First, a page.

SAN FRANCISCO (Reuters) - Supporters of
California's gay marriage ban are appealing a ruling that a
U.S. judge's own gay relationship was no basis for tossing out
his decision in support of same-sex marriage.
U.S. District Judge Vaughn Walker in San Francisco last
year struck down California's same-sex marriage ban, known as
Proposition 8. He later openly discussed his own gay
relationship after retiring from the bench earlier this year.
Supporters of the ban now say his ruling was compromised
and should be vacated. But Chief U.S. District Judge James Ware
disagreed earlier this month, ruling that granting such a
request would send a message that minority judges could not
rule in civil rights cases.
Attorneys for ProtectMarriage.com, the anti-gay marriage
group defending California's ban, said in court papers filed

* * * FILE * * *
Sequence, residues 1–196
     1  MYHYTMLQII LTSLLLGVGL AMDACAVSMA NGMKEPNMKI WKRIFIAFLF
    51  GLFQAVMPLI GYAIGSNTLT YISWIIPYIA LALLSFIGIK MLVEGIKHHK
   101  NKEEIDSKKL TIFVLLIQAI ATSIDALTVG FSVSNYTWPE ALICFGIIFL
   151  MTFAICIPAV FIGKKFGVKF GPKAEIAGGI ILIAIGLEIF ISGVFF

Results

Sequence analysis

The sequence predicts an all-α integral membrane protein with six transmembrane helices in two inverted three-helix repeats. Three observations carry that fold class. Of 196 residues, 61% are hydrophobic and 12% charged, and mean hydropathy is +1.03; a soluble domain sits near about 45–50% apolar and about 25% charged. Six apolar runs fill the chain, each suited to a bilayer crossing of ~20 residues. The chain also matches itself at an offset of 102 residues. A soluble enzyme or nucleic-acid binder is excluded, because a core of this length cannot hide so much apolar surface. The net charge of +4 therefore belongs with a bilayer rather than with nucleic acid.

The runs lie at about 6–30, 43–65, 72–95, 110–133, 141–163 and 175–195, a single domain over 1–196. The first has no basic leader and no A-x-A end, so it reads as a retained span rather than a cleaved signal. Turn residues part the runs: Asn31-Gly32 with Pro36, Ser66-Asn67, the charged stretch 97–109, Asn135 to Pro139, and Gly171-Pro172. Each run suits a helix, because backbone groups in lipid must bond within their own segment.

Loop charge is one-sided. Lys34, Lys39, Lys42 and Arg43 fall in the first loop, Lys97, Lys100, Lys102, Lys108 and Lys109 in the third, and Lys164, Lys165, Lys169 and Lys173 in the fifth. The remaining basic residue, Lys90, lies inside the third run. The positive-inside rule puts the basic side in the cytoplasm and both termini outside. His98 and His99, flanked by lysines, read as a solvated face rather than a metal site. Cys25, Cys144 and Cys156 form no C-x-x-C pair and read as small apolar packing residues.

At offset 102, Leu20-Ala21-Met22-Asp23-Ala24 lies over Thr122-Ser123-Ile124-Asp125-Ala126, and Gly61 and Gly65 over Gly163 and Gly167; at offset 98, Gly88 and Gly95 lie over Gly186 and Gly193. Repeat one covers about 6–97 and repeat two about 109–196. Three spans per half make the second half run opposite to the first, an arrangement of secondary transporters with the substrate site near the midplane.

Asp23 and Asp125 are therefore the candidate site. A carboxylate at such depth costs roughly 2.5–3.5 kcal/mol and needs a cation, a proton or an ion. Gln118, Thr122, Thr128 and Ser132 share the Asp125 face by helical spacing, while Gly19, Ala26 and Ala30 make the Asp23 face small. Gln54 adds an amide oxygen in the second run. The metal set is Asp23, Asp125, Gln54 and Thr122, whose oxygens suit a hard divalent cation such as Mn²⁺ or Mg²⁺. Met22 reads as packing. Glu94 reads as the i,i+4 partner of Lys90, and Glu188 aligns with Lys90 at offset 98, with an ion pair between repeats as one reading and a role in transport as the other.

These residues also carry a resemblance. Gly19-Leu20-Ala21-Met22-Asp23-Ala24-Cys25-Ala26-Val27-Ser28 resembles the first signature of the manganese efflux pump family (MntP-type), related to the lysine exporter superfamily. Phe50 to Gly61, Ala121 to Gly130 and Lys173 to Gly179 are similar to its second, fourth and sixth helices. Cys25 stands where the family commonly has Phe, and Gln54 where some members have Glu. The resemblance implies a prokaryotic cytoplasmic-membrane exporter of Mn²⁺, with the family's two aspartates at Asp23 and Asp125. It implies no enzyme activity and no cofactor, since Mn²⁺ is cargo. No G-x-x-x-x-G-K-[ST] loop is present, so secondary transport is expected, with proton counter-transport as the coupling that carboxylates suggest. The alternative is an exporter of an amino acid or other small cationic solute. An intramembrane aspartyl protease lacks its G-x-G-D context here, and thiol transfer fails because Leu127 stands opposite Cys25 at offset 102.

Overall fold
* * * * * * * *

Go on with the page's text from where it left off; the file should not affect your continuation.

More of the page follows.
late last week that they would appeal Ware's decision.
A representative for two same-sex couples challenging the
ban did not immediately comment on Monday.
New York Governor Andrew Cuomo signed a same-sex marriage
bill into law on Friday, making New York the sixth and most
populous U.S. state to allow gay marriage. It
is also legal in the District of Columbia.
The 9th U.S. Circuit Court of Appeals is already
considering the constitutional issues surrounding gay marriage
and has asked the California Supreme Court to weigh in on one
point of state law.
The case in U.S. District Court, Northern District of
California is Perry v. Schwarzenegger, 09-2292.
(Reporting by Dan Levine; editing by Anthony Boadle)
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